Question Is Kidney Flushing Considered Manipulation?

toria11

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Just curious if flushing the kidney is considered manipulation as described in 52352 or if my only choice here is 52351 along with 52332. Thank you!!

POSTOPERATIVE DIAGNOSES: 1. Bilateral nonobstructing renal stones.
2. History of UTI.
3. Status post renal transplant.
ANESTHESIA: General.
INDICATIONS FOR PROCEDURE: The patient with a
history of end-stage renal disease with a renal transplant who has been having recurrent UTIs. Workup
which included CT stone protocol as well as cystoscopy showed bilateral nonobstructing stones.
Treatment options were discussed and she elected to proceed with definitive treatment of stones. We
decided to start on the left side as per CT, it appeared that the stones are big on the left side. After risks,
benefits and alternatives were explained to the patient, the patient elected to proceed and informed
consent was obtained.
DETAILS OF PROCEDURE: The patient was properly identified and brought back to the cystoscopy
room where she was laid supine on the cystoscopy table. A proper time-out was performed. Under the
direction of Anesthesiology, the patient was intubated and induced under general anesthetic. Ancef 1 g IV
was given within one hour to the start of the procedure. The patient was placed in the dorsal lithotomy
position and prepped and draped in a normal sterile surgical fashion. A rigid cystoscopy was carefully
passed into the patient’s bladder per urethra without any difficulty. The bladder was then drained. It was
gently filled. She had already had an office cystoscopy, therefore I was able to locate the native left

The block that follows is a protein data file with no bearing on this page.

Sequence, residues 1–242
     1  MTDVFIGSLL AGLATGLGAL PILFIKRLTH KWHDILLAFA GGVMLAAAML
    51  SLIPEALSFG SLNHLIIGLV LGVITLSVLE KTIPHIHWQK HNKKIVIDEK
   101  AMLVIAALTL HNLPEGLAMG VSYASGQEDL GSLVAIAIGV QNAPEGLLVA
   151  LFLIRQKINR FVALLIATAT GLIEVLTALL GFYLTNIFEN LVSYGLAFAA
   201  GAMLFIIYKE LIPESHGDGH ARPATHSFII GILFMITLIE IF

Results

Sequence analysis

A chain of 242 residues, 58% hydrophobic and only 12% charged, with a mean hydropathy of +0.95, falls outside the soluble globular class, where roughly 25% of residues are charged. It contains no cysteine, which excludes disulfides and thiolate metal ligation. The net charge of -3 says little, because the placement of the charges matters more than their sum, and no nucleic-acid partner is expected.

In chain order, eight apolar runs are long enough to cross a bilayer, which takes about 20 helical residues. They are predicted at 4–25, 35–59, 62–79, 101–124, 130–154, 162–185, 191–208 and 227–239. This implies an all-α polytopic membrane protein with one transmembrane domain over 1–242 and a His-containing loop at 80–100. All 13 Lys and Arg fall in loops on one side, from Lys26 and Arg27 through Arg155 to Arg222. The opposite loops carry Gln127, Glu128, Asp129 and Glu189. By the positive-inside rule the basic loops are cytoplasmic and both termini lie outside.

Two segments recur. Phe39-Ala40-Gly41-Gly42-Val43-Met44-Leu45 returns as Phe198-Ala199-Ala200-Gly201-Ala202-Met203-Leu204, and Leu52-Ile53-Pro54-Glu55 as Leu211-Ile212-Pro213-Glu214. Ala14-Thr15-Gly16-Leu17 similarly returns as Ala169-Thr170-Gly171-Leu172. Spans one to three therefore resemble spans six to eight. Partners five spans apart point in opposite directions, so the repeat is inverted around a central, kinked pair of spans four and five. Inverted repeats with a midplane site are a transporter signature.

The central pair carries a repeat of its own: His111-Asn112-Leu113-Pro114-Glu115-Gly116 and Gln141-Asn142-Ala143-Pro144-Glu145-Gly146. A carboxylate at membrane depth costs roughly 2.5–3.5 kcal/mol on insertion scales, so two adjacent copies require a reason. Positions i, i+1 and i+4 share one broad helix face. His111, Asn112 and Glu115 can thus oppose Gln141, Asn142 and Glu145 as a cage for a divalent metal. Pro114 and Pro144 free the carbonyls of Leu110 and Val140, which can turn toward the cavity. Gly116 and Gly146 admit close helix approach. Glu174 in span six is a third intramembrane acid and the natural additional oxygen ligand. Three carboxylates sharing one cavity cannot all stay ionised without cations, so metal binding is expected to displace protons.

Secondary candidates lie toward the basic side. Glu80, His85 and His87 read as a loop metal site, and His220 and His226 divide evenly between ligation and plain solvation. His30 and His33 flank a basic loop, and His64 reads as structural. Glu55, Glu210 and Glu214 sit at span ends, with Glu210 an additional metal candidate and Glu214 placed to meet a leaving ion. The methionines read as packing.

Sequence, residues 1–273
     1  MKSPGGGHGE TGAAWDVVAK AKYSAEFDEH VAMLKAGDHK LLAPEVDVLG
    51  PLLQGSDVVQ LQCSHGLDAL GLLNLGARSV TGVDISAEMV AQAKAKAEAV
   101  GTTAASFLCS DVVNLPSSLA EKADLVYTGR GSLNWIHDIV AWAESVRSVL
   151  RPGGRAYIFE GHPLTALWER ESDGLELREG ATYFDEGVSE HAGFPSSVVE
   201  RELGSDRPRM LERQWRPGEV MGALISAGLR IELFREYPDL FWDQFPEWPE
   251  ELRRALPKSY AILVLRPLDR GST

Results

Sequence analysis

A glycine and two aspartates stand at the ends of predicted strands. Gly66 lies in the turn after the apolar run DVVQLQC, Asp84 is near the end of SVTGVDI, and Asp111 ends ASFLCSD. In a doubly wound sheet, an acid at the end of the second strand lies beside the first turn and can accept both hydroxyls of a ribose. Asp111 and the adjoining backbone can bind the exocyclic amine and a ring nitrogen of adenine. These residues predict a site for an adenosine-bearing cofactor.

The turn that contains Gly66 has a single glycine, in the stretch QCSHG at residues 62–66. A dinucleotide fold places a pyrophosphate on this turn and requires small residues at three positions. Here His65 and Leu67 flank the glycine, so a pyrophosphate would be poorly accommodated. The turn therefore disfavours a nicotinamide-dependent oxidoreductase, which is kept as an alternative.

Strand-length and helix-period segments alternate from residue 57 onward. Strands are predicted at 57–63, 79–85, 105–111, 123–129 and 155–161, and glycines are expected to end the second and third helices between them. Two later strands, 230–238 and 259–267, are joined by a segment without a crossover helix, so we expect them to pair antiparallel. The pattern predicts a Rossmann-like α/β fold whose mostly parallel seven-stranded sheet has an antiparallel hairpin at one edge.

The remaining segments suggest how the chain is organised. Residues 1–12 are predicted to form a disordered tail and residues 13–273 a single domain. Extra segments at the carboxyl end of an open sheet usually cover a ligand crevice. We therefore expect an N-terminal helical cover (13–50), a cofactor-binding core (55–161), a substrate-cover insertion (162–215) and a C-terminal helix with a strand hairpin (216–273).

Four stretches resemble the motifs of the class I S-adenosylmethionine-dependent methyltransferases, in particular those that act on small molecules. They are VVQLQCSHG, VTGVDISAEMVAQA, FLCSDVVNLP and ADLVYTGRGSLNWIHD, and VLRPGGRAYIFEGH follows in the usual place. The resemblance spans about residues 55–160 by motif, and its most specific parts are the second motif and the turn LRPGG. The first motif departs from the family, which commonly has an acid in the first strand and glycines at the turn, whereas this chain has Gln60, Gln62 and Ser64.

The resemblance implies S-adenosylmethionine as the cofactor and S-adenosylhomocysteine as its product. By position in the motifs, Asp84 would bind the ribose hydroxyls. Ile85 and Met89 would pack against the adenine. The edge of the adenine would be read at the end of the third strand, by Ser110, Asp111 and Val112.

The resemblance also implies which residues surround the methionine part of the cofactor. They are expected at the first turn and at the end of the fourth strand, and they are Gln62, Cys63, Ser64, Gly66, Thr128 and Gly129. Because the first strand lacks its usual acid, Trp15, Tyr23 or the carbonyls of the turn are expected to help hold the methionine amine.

ureteral orifice, which appeared to be very tight in nature. With guidance of cystoscopy, I was able to
pass the wire all the way up into the left kidney. Using access sheath, I then was able to dilate the left
ureteral orifice and passed all the way up to the UPJ. Both wire and inner sheath was removed. I then
advanced the flexible ureteroscopy all the way up into the kidney. Her kidney was carefully examined.
There was no evidence of any tumors or bleeding in her kidney itself. Per CT, the stone appeared to be in
her lower pole for left kidney. I maneuvered into her cylix of the lower pole. There was a group of tiny
smaller stones fragments which may have been the corresponding findings on the CT scan. I attempted to
basket using the ZeroTip basket, but the fragments were so smaller that I could not basket them.
However, I did attempt to flush them out into the renal pelvis and hopefully they were passed on their
own. At this point, no other residual visible stones were seen or needed to be treated at this time. I then
passed the wire under direct visualization to the ureteroscopy up into the renal left kidney. This was
confirmed by fluoroscopy. I removed the ureteroscopy in the access sheath. I then passed a stent over
the wire up into the left kidney with a good possible curl in the left renal pelvis and a good curl in the
bladder. The string was then attached to her inner thigh and secured. This concluded the procedure. The
patient was extubated and sent to the recovery room in stable condition. She will be discharged home with
pain meds and antibiotics.
 
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